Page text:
New Mexico State found itself in a place Thursday night that it has put so many others this year.
A gigantic hole.
The Aggies fell behind early at Cal State Bakersfield and never recovered, as the Roadrunners snapped NMSU’s 20-game win streak in a 72-53 victory. CSUB improved to 7-1 in WAC play, while the Aggies dropped to 8-1.
An 18-point CSUB halftime lead was keyed by Baylor transfer Damiyne Durham, who had 13 first half points. The sophomore has gotten inconsistent minutes, but is as talented a scorer as there is in the league. Big games against Santa Barbara (30 points), Wright State (28 points) and Portland State (28 points) speak to the potential Rod Barnes has on his bench.
Damiyne Durham celebrates during the first half against New Mexico State. Durham leads all scorers with 13 points. pic.twitter.com/JxrxEhFcx4— The CSUB Runner (@csub_runner) February 10, 2017
That potential shone in front of a packed Icardo Center Thursday night, but wasn’t the only offensive highlight for CSUB. The Roadrunners got plenty of easy looks with an in-tune offense that posted 19 assists.
Matt Smith continued a recent hot stretch with 17 points, and Brent Wrapp flirted with a triple double (11 points, 8 rebounds, 8 assists). Jaylin Airington also added 17 points.
This offensive fluidity was a surprise against an NMSU defense that had held opponents to just 0.90 points per game in league play.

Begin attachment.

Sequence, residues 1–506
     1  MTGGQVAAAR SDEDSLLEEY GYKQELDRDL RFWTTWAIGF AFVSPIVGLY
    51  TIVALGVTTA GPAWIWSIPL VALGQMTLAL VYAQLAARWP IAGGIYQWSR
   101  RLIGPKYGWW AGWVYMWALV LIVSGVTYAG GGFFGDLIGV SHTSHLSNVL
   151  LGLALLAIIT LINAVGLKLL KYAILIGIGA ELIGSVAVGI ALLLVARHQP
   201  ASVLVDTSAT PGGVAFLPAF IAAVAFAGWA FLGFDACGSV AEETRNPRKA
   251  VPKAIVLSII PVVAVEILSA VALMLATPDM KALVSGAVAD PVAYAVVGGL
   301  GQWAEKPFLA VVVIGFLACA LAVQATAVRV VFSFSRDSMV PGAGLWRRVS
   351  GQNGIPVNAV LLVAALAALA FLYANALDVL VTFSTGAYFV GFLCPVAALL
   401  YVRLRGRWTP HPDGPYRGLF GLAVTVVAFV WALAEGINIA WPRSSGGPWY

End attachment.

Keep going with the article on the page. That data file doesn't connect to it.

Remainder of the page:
Also a surprise? The degree to which CSUB’s defense dominated the Aggies.
The Roadrunners held the WAC’s most efficient offense to just 29.8 percent from the field, and limited Ian Baker and Braxton Huggins to just six combined field goals. It seemed the Aggies had to fight for every basket, and Paul Weir was left searching for answers with little-used players Tanveer Bhullar and Chancellor Ellis toward the end of the game.
With the loss, the nation’s second-longest win streak was extinguished.
Yet it doesn’t spell doom for NMSU. Playing an experienced, physical team as good as the Roadrunners is a challenge, even if the winning streak may have distorted that. An at-large bid was not likely a realistic possibility, and thus the goal remains the same: play well and win in Las Vegas.
But like last year, it’s now clearer than ever that CSUB is just as much of a threat to cut down those same nets.